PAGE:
The Church of England has agreed to offer prayers and good wishes to same-sex couples, but has decided not to solemnize their marriage. All the elected bishops and priests of London also agreed with this decision.
The Church of England decided on Thursday, February 9, to uphold the ban on same-sex marriage, but clergy are allowed to offer their prayers to same-sex married couples and cohabiting partners. May bestow good wishes.
The ‘General Synod’, made up of bishops, clergy and laity elected in London, is the church’s governing body, and a resolution for such a compromise was endorsed after a two-day meeting in London.
A statement issued after the meeting also apologized for not welcoming people from the LGBTQ community into the church. Same-sex marriages were legalized in the UK in 2013, but the church has not changed its policy on the matter and after nearly half a decade of controversy, the Church of England has come to this conclusion.
Archbishop Justin Welby of Canterbury and Archbishop Stephen Cottrell of York said on the occasion, “The Church of England will now, for the first time publicly, without hesitation, happily welcome same-sex couples into churches.” “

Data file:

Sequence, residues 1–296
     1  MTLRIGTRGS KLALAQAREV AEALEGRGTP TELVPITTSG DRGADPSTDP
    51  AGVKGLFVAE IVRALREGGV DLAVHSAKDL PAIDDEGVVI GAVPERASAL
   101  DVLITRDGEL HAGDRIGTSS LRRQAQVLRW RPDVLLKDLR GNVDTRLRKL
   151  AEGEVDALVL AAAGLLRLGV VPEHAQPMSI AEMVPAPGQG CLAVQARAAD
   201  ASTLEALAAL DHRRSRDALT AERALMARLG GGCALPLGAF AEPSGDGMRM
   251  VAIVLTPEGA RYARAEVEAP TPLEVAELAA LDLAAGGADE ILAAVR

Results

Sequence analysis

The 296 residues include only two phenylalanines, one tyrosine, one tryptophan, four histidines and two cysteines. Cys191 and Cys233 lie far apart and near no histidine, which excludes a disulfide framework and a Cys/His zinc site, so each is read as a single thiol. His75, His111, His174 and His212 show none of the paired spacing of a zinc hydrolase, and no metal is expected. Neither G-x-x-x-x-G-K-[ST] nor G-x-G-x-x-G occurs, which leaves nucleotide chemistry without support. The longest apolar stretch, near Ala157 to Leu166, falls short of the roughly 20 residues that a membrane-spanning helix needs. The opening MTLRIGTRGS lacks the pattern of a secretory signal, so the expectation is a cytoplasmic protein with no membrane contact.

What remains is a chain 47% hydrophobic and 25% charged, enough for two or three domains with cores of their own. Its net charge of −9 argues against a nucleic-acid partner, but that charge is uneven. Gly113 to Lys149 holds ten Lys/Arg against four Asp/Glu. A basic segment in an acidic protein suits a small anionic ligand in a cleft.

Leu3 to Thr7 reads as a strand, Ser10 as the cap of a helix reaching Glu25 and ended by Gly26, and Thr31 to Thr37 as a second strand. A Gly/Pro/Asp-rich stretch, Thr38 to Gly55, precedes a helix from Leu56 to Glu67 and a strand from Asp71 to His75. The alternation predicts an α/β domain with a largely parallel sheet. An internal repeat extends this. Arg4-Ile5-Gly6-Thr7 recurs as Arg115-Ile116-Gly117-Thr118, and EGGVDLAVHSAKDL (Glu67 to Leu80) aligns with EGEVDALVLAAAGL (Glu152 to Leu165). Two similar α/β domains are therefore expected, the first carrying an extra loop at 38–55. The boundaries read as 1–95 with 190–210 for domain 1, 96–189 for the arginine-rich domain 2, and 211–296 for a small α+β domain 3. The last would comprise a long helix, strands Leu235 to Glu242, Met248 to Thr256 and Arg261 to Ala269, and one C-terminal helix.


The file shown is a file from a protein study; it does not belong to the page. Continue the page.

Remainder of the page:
Anglican priests are forbidden to marry same-sex couples, so although the Synod has given them the right to offer prayers, good wishes and blessings to such couples, as priests they will not marry them.
Opponents of same-sex marriage face criticism
Progressive members of the church were pushing for more reforms and said the compromise plan did not go far enough, while conservative critics called the plan divisive and unpopular.
Two leading archbishops agreed that there are still “deep divisions” in the church over LGBTQ community issues. “I know that what we have proposed going forward is not enough for many, but too much for others,” Bishop of London Sarah Mullally said in a statement.
He added, “My prayer is that what has been agreed upon today will represent a step forward for all of us within the Church, including the LGBTQ community, as we all come together.” Determined to walk.”
But gay rights campaigner Synod member Jenny Ozane criticized the clergy offering only prayers and well-wishes, saying the decision was a reflection of how homosexuals would find their place within the church in the near future. Will not be able to marry.
“They can’t expect to get married in their church anytime soon, or that their desire for sexual intimacy is a sin,” he said. We are sending a message to the nation, which few will understand.”
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